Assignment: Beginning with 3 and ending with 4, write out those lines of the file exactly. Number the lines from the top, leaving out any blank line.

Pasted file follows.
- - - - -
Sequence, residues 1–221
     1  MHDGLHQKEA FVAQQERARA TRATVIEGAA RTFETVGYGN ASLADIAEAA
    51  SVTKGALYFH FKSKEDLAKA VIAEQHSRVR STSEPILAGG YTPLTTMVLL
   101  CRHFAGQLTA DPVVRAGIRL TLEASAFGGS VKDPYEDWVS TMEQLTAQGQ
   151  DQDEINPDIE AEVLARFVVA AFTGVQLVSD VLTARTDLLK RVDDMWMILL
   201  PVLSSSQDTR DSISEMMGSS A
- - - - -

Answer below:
    51  SVTKGALYFH FKSKEDLAKA VIAEQHSRVR STSEPILAGG YTPLTTMVLL
   101  CRHFAGQLTA DPVVRAGIRL TLEASAFGGS VKDPYEDWVS TMEQLTAQGQ